“The highest-paid player on an NFL team is the quarterback. What you probably don’t know is the second highest-paid player is the left tackle. This is because the left tackle’s job is to protect the quarterback from what he can’t see coming. That’s why the first check you write is for the mortgage. The second is for insurance.”
This is the opening monologue from the film “The Blind Side,” albeit slightly paraphrased. And what that quarterback — and most athletes — also can’t see coming is the end of his career, particularly if it comes prematurely due to injury.
According to a 2007 study by the University of Colorado, the career of a pro football player is 3.5 years. Baseball players fare slightly better at 5.6 years, though it was also revealed that 20 percent of all baseball players only spend a single year between the foul lines. So what happens after that? How do athletes maintain the lifestyles they’ve grown accustomed to once those big paychecks stop coming?
The easy answer is, who cares?
After all, since pitcher Nolan Ryan inked that first-ever $1 million contract with the Houston Astros in 1979, it can be argued that pro sports has raised generations of high-priced, overpaid athletes. And based on the skyrocketing salaries being handed out, it’s easy to see how the life of a professional athlete is akin to that of a rock star or Hollywood A-list actor. But the difference is that an athlete’s window of income will close much faster. Very few sports stars will be hitting the stage at 70 like Mick Jagger or directing films at 80 like Clint Eastwood. And while a musician or actor can pretty much control when to call it quits, an athlete may not always have the luxury of choice, particularly if a 250-pound linebacker falls on his leg (see: Theismann, Joe).
Take Cleveland Indians’ centerfielder Grady Sizemore, for instance. Sizemore’s trips to the disabled list are disturbing, considering he missed all of the 2010 season after having microfracture surgery on his knee. He then went on the DL once again, the first month of the 2012 season. The way Yahoo! Sports sees it, “if Sizemore continues to struggle with injuries, he may become another star athlete who never reaches his potential due to injury.”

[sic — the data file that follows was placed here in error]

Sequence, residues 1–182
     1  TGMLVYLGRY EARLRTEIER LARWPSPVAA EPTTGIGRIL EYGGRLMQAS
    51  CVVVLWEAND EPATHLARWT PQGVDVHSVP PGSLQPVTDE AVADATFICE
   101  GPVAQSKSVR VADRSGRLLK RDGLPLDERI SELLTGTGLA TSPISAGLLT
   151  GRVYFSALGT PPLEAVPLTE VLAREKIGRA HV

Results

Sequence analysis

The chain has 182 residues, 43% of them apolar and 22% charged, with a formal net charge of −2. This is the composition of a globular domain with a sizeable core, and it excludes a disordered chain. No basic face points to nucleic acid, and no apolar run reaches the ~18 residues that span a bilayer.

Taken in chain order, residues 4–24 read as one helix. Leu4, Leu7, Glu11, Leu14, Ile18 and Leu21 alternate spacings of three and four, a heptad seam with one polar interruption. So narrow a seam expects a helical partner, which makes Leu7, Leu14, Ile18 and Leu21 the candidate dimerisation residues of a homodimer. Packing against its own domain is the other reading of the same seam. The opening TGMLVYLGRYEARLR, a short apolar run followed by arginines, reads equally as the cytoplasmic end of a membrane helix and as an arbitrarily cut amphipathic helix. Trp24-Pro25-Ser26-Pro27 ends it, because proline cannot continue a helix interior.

So what happens when there are no games left to be played for Grady Sizemore and others? How does a player like Sizemore maintain the lifestyle he’s carved out for himself with the more than $23 million he’s earned thus far? Some athletes are wise and acquire a nest egg through smart business investments. But many athletes fall victim to bad advice or their own personal demons (see: former Boston Celtic Antoine Walker). A disturbing report in Sports Illustrated points out that roughly 70% of all professional athletes are either broke or in financial straits within five years of ending their playing days.
Agreed, it is a hard concept to wrap your head around, especially when you consider that the $10 million a top athlete makes in a year would last the average working Joe a huge chunk of his lifetime. But that’s only assuming the average working Joe doesn’t own three homes, four cars, a trophy wife and a lifestyle befitting a twice-monthly paycheck of $384,615.38.
Big paychecks, big risks
This is when an athlete needs to have the financial pieces in place to maintain his lifestyle — or at least a fair portion of it. And this can only come about by realizing that, with a compressed career life span and a susceptibility to career-ending injuries, disability insurance protection is the most critical form of insurance any player can have. This is particularly true in the NFL, where contracts aren’t typically guaranteed and every athlete’s career is literally being held together by a knee ligament the width of a thick rubber band.
Unlike the traditional disability income insurance you might sell to a 27-year-old attorney, business owner or dentist, the disability contracts pro athletes secure are a whole different ballgame. Generally speaking, professional athletes secure career-ending disability insurance protection — most commonly with a one-year elimination period and benefits payable in a lump sum if the player suffers a disability due to either accident or illness, on or off the field. Coverage is usually underwritten for a single-year period each time, and the player needs to reapply each year. The underwriting requirements are much more orthopedic in nature, and if the amount of insurance exceeds a few million dollars, most competent underwriters will require an orthopedic surgeon to conduct an exam for any sizeable policy. Some players (depending on age, contract, sport, position, etc.) may be able to secure disability protection on a multi-year basis, but these multi-year insurance contracts are not available to most rank-and-file professional athletes.